Years of amateur and professional TV-watching and the impressive title attached to my byline notwithstanding, I have never believed that I would last a minute as a television programmer. I know what I like, and usually why I like it, but what will float and what will sink on the great waters of commerce I admit to be beyond my ken.
Still, had anyone in charge at
Between those shows and the likes of
But consistency counts for something when you're building a brand. And "The Red Road," which begins Thursday on the network, is — to judge by the first two of six episodes — very good. Set in a fictional New Jersey woodland town and concerning in part an Indian tribe, the Lenape, it is the product of an impressive trust of talent.
Executive producer Sarah Condon (HBO's "Looking" and
It is not as uncanny as the
And yet, though many seeds are quickly sewn — there is a missing college student, a literally forbidden romance, a prodigal son's return, a mother's shaky mental state — it is hard, in a good way, to see where it's headed, past the more obvious personal entanglements and somewhat-beside-the-point criminal actions. It feels productively mysterious.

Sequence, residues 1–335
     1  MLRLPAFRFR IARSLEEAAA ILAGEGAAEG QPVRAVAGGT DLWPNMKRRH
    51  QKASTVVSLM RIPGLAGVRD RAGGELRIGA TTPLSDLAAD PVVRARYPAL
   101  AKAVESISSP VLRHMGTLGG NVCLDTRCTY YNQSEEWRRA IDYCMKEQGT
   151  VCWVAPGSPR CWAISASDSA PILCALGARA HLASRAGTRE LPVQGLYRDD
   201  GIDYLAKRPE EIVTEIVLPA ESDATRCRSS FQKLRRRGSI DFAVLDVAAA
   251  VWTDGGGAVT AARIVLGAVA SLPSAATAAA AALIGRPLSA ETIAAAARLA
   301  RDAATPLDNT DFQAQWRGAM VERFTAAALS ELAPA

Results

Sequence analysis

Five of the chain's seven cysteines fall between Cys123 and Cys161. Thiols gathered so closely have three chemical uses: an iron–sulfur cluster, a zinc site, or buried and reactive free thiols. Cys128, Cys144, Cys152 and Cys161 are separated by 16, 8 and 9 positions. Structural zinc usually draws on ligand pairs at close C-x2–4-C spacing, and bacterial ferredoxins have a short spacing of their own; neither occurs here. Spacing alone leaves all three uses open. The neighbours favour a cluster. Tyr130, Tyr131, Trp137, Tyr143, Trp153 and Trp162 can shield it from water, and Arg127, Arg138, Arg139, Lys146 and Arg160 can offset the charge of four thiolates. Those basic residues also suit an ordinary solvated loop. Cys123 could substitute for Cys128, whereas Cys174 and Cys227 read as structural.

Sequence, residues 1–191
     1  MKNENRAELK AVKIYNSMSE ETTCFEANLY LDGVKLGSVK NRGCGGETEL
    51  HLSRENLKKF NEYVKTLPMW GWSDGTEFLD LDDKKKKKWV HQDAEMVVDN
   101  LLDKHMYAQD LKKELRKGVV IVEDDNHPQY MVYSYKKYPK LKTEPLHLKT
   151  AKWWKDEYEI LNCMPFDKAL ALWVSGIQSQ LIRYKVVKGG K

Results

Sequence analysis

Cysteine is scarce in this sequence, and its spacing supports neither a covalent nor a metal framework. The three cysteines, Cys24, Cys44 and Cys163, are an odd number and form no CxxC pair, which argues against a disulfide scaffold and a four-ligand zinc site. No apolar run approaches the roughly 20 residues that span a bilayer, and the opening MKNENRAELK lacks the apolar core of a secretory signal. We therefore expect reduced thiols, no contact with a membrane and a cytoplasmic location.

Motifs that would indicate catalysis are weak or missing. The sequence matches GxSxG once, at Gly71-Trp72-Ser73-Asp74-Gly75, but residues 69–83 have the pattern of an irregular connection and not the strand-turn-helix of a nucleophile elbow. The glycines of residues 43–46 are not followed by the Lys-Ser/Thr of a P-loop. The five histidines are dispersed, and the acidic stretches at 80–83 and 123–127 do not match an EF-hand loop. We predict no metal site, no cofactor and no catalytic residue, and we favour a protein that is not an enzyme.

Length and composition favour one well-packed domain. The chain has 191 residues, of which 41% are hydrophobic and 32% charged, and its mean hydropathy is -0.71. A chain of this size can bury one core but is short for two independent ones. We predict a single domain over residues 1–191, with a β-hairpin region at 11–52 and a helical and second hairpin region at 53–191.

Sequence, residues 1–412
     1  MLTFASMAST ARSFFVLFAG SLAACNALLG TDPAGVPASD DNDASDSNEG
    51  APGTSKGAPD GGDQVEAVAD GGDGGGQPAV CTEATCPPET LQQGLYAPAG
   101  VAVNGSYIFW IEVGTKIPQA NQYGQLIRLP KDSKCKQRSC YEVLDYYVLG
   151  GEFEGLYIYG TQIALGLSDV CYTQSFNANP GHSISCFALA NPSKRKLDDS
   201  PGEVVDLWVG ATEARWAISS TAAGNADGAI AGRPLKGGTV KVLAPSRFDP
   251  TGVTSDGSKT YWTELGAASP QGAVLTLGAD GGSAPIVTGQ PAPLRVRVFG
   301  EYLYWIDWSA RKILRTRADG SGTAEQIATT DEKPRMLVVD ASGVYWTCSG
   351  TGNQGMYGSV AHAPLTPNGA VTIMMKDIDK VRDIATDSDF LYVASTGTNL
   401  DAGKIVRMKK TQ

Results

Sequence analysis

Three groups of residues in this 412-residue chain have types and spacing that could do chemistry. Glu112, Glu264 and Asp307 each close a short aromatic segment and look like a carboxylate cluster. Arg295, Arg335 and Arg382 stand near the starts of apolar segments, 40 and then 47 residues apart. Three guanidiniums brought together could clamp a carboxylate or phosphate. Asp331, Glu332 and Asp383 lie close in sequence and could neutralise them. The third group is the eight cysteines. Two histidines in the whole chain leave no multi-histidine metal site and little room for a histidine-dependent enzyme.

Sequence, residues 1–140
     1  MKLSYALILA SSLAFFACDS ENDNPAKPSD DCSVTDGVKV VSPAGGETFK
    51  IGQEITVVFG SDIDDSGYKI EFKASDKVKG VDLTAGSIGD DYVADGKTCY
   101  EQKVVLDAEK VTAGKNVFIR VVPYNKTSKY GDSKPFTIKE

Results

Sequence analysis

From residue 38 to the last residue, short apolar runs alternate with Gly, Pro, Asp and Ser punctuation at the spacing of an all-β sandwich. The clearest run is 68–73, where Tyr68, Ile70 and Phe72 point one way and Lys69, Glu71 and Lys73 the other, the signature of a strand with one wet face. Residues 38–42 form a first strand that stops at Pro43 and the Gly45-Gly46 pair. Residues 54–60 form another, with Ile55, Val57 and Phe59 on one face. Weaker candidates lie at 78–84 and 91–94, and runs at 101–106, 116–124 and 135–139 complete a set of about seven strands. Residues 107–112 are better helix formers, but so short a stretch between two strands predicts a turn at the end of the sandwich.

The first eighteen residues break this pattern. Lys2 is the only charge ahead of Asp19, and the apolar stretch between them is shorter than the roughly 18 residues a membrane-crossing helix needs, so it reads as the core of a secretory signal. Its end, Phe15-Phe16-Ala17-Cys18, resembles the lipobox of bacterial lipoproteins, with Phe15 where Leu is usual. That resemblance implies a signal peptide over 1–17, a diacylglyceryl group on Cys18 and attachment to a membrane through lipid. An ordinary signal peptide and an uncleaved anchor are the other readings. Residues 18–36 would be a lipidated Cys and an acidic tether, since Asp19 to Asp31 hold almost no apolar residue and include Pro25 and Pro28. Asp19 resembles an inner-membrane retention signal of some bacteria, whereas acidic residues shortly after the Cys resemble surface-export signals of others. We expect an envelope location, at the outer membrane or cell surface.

The show tells you covertly a lot about the characters, building them up through bits of behavior and stray remarks that can seem contradictory at first but do start to cohere into something more complex. Henderson is, it's true, called on to sweat a lot before the story gets very far at all.
But Momoa — a male model who starred in the 2011
Condon has said that "Red Road" is about "where this nation came from and where it's going" and Guzikowski that "it deals with themes of what it is to be an American." Fortunately, he has written people strong enough to stand only for themselves.
'The Red Road'
When: 9 p.m. Thursday
Rating: TV-14-LV (may be unsuitable for children under the age of 14 with advisories for coarse language and violence)